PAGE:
Letter to Editor: Clearing the waters about AIS
On Jan. 5, the Minnesota Department of Natural Resources (DNR) held its annual Roundtable. Normally, this features sessions on key topics and programs that have come up in the past year, and they look forward to those areas the DNR plans to focus on in the coming year.
This year's Roundtable was different. This year's focus was on the amazing heritage of public lands available in Minnesota, and how access to these lands is central to our way of life.
Unfortunately, a number of anglers declared that lake associations are only concerned about aquatic invasive species (AIS) because they are trying to shut the public off the lakes. Apparently, a relatively few are being somewhat successful in getting the media to buy this hype. This is absolutely not true, and the board members of the Fish Hook Lake and River Association want to go on record that we fully appreciate Minnesota's heritage of allowing public access to these waters and hope that this continues to be a way of life for generations to come.
Where the frustration stems from is that lake associations are working extremely hard to keep these waters pure and free of AIS and ask that there be mutual respect from all those who use the waters. In fact, Minnesota lake associations are the most effective conservation group in the state. They contribute more money toward resource protection (over $6.25 million) and the most voluntary hours (about 1.25 million hours annually).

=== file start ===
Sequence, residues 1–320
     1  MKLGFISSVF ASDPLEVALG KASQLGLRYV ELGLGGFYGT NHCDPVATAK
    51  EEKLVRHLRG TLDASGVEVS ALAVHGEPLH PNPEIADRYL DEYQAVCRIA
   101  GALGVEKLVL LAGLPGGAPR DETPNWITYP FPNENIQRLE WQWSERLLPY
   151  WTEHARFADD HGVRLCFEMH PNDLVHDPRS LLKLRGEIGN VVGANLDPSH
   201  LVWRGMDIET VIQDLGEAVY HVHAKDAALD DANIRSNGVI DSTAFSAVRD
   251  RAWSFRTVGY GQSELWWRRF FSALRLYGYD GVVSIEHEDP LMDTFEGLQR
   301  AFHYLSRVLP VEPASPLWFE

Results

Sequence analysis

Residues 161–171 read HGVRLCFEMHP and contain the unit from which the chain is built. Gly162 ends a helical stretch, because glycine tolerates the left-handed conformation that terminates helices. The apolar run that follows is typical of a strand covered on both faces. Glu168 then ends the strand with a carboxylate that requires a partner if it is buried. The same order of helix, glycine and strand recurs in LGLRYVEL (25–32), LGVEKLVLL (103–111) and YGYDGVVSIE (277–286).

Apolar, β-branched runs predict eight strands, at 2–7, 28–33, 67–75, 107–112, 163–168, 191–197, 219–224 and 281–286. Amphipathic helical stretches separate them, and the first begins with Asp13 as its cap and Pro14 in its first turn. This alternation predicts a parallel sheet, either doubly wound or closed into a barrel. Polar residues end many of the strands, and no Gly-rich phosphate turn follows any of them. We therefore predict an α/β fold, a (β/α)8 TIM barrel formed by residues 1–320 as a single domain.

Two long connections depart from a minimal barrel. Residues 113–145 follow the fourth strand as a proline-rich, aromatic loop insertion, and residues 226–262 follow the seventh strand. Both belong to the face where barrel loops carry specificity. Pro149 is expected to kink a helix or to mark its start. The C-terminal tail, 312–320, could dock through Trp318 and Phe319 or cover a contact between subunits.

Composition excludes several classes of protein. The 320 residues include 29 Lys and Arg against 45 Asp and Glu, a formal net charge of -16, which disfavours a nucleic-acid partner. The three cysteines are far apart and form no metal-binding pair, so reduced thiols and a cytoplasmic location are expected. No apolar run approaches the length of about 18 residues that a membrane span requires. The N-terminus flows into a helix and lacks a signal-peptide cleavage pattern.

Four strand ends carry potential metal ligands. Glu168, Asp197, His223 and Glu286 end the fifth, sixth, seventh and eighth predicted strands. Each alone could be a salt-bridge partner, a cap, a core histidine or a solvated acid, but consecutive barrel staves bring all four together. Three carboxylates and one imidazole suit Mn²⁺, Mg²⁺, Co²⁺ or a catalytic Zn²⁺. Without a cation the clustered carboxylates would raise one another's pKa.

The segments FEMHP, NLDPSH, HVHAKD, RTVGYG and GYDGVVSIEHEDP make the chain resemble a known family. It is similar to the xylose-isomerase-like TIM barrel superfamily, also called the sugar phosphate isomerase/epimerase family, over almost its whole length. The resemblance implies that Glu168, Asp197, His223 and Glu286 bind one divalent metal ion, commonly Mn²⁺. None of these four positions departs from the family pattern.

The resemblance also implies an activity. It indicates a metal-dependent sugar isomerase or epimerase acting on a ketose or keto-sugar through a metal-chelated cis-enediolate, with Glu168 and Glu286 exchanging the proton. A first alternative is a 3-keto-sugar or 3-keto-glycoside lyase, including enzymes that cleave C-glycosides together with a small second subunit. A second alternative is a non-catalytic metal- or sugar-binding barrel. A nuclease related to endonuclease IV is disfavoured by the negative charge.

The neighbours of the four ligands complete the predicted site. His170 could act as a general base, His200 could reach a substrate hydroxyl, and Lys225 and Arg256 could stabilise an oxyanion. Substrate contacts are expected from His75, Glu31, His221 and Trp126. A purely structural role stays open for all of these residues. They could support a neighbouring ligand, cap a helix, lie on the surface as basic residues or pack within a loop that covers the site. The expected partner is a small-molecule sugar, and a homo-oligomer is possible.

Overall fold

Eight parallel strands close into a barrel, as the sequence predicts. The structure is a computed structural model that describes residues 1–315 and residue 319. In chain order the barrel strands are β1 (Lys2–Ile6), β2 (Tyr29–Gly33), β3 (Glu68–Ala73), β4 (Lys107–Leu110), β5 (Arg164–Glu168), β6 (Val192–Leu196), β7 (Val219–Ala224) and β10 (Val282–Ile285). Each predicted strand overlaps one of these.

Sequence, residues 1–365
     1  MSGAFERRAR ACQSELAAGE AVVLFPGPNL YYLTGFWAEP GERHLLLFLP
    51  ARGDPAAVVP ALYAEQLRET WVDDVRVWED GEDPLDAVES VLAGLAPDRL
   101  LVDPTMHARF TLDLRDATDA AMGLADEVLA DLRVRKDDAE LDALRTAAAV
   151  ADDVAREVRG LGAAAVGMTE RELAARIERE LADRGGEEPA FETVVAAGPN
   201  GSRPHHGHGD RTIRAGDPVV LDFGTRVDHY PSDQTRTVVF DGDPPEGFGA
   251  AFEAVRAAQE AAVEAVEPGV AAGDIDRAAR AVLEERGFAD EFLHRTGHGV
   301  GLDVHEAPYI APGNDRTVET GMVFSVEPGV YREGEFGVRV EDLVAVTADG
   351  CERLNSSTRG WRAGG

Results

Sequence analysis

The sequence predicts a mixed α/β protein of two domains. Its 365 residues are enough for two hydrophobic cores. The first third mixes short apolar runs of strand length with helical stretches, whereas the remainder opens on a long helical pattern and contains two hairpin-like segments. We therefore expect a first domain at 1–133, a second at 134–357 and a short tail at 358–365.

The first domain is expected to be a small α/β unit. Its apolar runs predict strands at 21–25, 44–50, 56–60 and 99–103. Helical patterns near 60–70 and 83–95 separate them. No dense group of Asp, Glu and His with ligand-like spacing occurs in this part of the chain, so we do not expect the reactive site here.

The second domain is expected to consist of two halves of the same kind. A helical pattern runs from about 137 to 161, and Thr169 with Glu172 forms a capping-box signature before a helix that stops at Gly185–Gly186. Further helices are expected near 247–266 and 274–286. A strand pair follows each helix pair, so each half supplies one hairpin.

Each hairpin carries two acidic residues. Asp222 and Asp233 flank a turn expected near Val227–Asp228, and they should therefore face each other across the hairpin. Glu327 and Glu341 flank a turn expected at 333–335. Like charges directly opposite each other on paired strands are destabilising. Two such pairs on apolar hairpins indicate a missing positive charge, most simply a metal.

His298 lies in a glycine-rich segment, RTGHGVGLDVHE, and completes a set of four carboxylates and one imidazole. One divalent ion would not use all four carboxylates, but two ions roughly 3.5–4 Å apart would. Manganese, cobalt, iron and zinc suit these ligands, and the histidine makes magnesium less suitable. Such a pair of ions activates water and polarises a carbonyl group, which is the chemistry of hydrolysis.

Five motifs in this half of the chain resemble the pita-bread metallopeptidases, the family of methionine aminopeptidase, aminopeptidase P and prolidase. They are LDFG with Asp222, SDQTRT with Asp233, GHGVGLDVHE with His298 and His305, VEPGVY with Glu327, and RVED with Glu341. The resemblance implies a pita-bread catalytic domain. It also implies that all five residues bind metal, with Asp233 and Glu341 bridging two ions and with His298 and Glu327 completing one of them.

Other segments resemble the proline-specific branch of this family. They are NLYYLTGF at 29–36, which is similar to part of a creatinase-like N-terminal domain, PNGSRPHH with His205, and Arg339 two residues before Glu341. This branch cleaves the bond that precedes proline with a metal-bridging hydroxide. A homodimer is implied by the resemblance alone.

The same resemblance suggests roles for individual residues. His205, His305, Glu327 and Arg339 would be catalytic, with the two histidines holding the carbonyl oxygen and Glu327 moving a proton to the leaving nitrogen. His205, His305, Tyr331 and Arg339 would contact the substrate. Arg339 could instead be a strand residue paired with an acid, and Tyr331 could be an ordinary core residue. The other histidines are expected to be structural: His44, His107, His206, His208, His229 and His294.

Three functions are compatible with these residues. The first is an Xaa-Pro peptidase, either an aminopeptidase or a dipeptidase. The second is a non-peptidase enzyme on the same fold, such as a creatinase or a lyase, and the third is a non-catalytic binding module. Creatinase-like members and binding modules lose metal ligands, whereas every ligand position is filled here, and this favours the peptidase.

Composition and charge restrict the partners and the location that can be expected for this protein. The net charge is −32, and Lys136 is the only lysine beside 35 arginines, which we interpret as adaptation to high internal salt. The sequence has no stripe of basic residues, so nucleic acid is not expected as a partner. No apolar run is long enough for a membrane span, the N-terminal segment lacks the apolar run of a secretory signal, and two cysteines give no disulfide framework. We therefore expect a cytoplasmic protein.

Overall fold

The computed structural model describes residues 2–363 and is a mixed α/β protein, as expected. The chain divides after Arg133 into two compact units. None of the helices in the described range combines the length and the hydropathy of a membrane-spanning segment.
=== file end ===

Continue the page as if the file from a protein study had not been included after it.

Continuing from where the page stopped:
At the beginning of 2017, Hubbard County was the only county in the state that was free of AIS. That is no longer true. Now, even Hubbard County has several lakes that are affected. As a result, we are spending even more time and money to combat the impact that AIS has and/or will have on water in the future. The Hubbard County Coalition of Lake Associations (COLA) meets regularly and shares ideas on how we can make and/or keep our water resources the best in the world. Just like all the other lake associations around the state, we are looking for every possible way to keep AIS from contaminating our waters.
We work regularly with the DNR on best methods to achieve this. Some of the efforts will require that those who use our lakes, and move from one lake to another, must follow stricter rules than they have been asked to follow in the past. This is not an attempt to privatize our lakes. This is an essential practice that we must adhere to in the future to keep AIS from spreading. The DNR says the most effective method to halt the spread of AIS is boat launch monitoring and the expectation of all boaters to respectfully play by these new rules. Anything short of this, and this precious resource will never be the same.